The Life of Harriet Tubman

Harriet Tubman is a towering figure in American history — but you might not even know how much she truly accomplished.

The Life and Legacy of Harriet Tubman

She was born into slavery as Araminta “Minty” Ross. Like many slaves, the exact date of her birth is unknown. She grew up on a Maryland plantation with eight siblings. At 12, she was struck in the head by a lead weight thrown by an angry slave owner. For the rest of her life she felt the effects of brain damage.

Around 1844, she married John Tubman a free black man and changed her name to Harriet to honor her mother. In 1849, her owner died, and she decided to flee. She made it 90 miles north to Pennsylvania using the secret network known as The Underground Railroad. After her escape she formed her own Underground Railroad network and helped guide dozens more slaves to freedom. By 1860, she had made 19 trips back to slave country to rescue people.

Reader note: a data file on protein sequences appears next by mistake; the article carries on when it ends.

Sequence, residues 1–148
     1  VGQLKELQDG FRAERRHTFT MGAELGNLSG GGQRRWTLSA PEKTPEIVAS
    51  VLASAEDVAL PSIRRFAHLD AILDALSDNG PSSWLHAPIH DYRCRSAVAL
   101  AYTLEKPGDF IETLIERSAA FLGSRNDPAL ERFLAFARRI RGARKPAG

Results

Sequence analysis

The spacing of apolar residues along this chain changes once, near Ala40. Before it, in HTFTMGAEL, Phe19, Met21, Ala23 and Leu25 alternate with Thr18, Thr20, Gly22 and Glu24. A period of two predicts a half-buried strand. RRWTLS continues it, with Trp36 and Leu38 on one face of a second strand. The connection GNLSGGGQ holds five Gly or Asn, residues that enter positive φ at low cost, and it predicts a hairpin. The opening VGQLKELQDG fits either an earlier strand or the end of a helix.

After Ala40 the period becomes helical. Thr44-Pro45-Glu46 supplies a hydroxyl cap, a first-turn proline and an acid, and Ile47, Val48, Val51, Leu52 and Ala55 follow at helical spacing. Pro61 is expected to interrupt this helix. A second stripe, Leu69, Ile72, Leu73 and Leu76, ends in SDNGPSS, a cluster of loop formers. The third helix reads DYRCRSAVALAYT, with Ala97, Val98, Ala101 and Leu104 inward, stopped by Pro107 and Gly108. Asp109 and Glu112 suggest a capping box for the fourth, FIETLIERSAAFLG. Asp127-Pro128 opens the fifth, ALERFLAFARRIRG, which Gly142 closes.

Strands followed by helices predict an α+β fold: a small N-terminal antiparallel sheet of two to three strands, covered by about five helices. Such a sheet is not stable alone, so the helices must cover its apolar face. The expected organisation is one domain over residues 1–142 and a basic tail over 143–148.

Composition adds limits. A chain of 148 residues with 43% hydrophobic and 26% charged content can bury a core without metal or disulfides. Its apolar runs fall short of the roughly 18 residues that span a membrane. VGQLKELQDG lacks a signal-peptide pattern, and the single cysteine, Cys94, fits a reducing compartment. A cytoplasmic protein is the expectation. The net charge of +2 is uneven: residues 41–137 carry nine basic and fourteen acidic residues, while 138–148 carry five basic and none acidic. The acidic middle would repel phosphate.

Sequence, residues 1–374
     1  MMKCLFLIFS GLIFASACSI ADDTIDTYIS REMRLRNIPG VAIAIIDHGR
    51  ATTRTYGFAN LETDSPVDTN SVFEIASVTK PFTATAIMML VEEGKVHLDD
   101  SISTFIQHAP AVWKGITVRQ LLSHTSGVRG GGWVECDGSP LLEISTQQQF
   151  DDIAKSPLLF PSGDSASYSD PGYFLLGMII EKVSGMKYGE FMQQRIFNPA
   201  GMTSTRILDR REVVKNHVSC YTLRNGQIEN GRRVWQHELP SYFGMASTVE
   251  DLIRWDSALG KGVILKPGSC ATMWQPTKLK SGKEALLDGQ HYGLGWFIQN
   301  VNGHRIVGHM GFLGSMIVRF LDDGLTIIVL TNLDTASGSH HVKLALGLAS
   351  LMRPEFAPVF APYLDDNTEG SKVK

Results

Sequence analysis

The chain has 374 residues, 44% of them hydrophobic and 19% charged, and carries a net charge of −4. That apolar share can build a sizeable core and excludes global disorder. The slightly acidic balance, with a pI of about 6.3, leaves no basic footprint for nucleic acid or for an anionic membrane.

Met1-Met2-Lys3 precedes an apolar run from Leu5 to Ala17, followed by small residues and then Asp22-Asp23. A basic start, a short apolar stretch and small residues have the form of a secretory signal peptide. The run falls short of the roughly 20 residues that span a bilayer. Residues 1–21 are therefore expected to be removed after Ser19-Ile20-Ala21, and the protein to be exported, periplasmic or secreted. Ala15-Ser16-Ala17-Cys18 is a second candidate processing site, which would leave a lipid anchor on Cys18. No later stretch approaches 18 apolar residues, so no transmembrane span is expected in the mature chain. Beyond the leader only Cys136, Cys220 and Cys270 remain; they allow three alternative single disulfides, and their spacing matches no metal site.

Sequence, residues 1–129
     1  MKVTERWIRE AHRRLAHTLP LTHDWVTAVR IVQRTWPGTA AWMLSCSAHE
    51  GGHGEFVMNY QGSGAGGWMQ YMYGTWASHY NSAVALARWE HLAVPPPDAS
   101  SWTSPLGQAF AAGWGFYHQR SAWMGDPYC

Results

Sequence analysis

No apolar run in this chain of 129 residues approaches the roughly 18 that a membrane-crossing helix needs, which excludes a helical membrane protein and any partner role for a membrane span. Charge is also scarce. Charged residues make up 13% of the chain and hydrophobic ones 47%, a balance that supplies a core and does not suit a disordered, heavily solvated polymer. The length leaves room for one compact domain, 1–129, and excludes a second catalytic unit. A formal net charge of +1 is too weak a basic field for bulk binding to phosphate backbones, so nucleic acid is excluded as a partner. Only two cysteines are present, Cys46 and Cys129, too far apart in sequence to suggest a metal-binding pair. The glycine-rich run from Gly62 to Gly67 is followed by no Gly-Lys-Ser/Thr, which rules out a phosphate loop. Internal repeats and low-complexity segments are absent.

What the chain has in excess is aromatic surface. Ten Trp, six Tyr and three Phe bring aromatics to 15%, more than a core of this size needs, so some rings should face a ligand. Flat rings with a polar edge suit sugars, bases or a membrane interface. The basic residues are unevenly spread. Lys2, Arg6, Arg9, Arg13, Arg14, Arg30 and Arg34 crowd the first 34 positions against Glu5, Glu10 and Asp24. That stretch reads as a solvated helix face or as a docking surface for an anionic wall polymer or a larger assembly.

During the U.S. Civil War, she worked with the Union Army as a scout, a nurse and even a spy. In one of her most significant accomplishments, Tubman helped lead the 1863 raid on Combahee River. In 1908, she helped open The Harriet Tubman Home for the Aged — a center to care for people with brain conditions.

She has a legacy not only in terms of freedom of inspired enslaved people, not only in terms of African descended communities in the United States, but for reform more generally, for women’s rights, and she stands as a symbol of liberty in so many ways, of democracy in so many ways in terms of really sort of taking it upon herself to affect change.

She died in 1913 and was buried in New York with military honors after a life of activisim, fighting for your rights, and changing the world for generations to come.